The South Bronx property being eyed by the city for a new jail could soon be on the market, thanks to a recent tax settlement that cleared its owner’s longstanding debt. After more than a year of court-ordered mediation, Britestarr Homes, Inc., which owns Oak Point, agreed to pay the city a lump sum of $3 million in back taxes when the land is officially transferred to its new owner, Oak Point Property LLC. Then it will be free to be sold, developed or acquired.
But Steven Smith, who will control the 28-acre property as head of Oak Point Property LLC, has not yet decided what he wants to do with the land. He is open to selling the parcel but also is keen to develop it himself, after the mandated environmental cleanup is completed. “I would like to see something on the property that is both good for the city and good for the community,” Smith said in a phone interview on Thursday.
Regardless, the city may be able to acquire the land through eminent domain. The Department of Correction first expressed interest in building a jail at Oak Point during an April City Council hearing, citing the land’s massive size and appropriate zoning designation. But some residents of the neighborhood are less than thrilled with the notion of a jail in their backyard, arguing that it will bring few tangible benefits to Hunts Point, and would symbolize the wrong type of future for residents.
The area, one of the country’s poorest urban neighborhoods, is already home to a number of municipal projects, including a wastewater treatment plant, two power plants, and a facility that processes more than half of the city’s sewage sludge into fertilizer.
“The South Bronx has been used as a dumping ground for everything that no one else wants,” said Omar Freilla, the executive director of Green Worker Cooperatives, an environmental justice organization.
This time, however, residents are fighting back. Fifteen community groups who oppose the jail at Oak Point have banded together in a coalition called Community in Unity. The coalition, which includes such groups as Sustainable South Bronx, Green Worker Cooperatives, The Point Community Development Corporation, the Bronx Defenders, and Rights for Imprisoned People with Psychiatric Disabilities, met with Department of Correction Commissioner Martin Horn for the first time at a community meeting on Oct. 23.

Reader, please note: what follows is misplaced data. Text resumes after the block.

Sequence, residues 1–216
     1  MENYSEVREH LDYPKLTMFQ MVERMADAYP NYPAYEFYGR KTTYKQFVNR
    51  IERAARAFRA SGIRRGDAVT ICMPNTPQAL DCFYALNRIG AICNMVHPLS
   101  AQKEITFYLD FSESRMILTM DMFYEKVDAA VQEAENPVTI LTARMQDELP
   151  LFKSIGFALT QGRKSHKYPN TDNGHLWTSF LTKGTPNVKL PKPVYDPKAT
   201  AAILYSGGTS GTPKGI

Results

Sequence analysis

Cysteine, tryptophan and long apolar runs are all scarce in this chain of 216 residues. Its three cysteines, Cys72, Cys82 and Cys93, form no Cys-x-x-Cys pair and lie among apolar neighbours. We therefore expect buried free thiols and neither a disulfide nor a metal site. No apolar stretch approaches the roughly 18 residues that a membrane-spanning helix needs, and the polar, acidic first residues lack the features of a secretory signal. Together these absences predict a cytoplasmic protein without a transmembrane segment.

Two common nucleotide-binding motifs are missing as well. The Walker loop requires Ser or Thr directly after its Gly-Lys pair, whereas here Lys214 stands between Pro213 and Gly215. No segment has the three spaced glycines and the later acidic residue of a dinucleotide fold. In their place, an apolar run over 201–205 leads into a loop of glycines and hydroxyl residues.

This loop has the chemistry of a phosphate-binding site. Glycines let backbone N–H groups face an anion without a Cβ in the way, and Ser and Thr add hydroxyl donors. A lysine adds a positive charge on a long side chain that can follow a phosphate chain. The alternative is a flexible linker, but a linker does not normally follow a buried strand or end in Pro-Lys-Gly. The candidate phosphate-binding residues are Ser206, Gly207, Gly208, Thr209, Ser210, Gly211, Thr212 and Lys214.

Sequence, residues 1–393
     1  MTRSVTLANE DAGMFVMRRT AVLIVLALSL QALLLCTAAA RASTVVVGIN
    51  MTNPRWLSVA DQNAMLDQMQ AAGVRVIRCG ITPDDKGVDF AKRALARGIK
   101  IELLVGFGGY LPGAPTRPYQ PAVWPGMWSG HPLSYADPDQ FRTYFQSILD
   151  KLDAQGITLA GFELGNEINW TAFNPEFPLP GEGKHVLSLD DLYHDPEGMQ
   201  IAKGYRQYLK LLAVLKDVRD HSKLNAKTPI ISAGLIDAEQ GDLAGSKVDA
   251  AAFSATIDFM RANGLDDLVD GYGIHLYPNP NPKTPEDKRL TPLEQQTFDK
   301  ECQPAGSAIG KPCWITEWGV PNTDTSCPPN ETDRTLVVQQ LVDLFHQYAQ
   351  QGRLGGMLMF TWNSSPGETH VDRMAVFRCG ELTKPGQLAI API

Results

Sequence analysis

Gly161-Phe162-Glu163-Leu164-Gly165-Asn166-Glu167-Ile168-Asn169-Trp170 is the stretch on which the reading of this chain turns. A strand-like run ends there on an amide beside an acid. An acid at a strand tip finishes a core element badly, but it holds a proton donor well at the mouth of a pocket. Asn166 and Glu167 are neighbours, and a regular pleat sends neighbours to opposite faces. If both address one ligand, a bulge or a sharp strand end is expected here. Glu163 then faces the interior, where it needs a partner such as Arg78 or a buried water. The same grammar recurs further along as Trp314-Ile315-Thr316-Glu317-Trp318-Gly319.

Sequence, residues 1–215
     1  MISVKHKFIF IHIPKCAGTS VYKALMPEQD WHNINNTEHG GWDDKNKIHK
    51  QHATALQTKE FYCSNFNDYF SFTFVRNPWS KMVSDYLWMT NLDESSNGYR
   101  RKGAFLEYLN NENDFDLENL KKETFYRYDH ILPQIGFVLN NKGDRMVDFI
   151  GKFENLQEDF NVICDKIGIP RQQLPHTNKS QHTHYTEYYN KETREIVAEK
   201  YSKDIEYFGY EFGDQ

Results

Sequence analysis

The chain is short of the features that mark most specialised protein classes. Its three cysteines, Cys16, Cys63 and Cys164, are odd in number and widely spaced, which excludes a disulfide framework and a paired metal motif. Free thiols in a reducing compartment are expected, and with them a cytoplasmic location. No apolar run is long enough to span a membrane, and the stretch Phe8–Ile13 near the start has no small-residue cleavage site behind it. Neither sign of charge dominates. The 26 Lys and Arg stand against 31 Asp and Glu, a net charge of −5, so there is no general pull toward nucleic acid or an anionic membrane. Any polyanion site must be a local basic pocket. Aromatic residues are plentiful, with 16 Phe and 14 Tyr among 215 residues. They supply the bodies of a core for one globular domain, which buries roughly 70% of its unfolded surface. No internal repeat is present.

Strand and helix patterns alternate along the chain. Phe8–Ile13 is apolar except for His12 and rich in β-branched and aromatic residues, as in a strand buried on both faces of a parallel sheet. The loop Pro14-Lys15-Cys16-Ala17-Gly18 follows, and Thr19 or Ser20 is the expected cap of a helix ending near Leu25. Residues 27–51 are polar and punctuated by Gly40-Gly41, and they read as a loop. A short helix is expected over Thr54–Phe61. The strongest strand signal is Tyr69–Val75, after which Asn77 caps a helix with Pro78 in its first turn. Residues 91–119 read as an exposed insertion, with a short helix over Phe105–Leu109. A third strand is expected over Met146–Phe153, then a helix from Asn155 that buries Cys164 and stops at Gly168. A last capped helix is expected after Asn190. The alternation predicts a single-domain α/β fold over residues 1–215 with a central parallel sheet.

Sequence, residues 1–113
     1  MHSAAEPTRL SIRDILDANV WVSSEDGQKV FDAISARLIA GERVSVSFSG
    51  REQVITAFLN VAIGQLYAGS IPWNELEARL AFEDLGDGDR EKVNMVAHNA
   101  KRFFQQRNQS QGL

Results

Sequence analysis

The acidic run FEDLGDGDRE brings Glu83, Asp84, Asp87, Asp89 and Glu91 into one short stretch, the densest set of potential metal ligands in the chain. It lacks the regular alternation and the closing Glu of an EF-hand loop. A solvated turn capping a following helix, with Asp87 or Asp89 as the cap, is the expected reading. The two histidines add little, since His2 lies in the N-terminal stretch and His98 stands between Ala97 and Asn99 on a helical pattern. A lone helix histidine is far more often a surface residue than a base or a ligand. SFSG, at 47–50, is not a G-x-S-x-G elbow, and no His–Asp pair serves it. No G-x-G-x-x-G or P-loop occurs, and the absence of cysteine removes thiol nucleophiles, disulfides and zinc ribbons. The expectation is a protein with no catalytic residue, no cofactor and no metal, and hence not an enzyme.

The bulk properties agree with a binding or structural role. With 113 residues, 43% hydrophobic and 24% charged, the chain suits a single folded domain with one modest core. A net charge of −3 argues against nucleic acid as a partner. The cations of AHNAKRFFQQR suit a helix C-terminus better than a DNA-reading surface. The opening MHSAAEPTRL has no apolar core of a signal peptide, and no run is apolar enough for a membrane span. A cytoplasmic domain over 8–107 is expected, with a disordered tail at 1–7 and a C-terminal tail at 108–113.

“The goal of today is to begin a transparent process,” Kellie Terry-Sepulveda, executive managing director of The Point, a local nonprofit, said at the time.
At the close of the meeting, Community in Unity members asked Horn to participate in five town hall meetings in the Bronx to discuss the jail project before seeking land use approvals. Horn indirectly agreed, replying that he would meet with “anyone, anywhere, anytime.”
A jail at Oak Point is part of the department’s long-term plan to move a portion of the inmates held at Rikers Island into jails in the boroughs, according to department spokesperson Stephen Morello. For one thing, it’s potentially dangerous to house such a large percentage of the city’s jail population on an island that can be accessed only by one bridge, he said. And thousands of prisoners at Rikers are currently held in facilities that were designed to be temporary and have fallen into disrepair. A jail in the Bronx would also make it easier for lawyers and family members to visit inmates, he added, and for inmates to be transported to court appearances.